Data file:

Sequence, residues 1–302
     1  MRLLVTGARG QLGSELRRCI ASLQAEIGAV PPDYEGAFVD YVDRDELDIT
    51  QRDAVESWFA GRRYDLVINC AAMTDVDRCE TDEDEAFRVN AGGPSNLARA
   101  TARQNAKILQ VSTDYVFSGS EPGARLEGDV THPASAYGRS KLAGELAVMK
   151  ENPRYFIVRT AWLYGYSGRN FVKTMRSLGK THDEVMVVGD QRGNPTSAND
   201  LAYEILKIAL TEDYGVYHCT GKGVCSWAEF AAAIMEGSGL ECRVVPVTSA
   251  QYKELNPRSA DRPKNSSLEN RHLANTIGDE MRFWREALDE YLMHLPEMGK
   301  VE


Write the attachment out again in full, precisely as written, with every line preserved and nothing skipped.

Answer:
Sequence, residues 1–302
     1  MRLLVTGARG QLGSELRRCI ASLQAEIGAV PPDYEGAFVD YVDRDELDIT
    51  QRDAVESWFA GRRYDLVINC AAMTDVDRCE TDEDEAFRVN AGGPSNLARA
   101  TARQNAKILQ VSTDYVFSGS EPGARLEGDV THPASAYGRS KLAGELAVMK
   151  ENPRYFIVRT AWLYGYSGRN FVKTMRSLGK THDEVMVVGD QRGNPTSAND
   201  LAYEILKIAL TEDYGVYHCT GKGVCSWAEF AAAIMEGSGL ECRVVPVTSA
   251  QYKELNPRSA DRPKNSSLEN RHLANTIGDE MRFWREALDE YLMHLPEMGK
   301  VE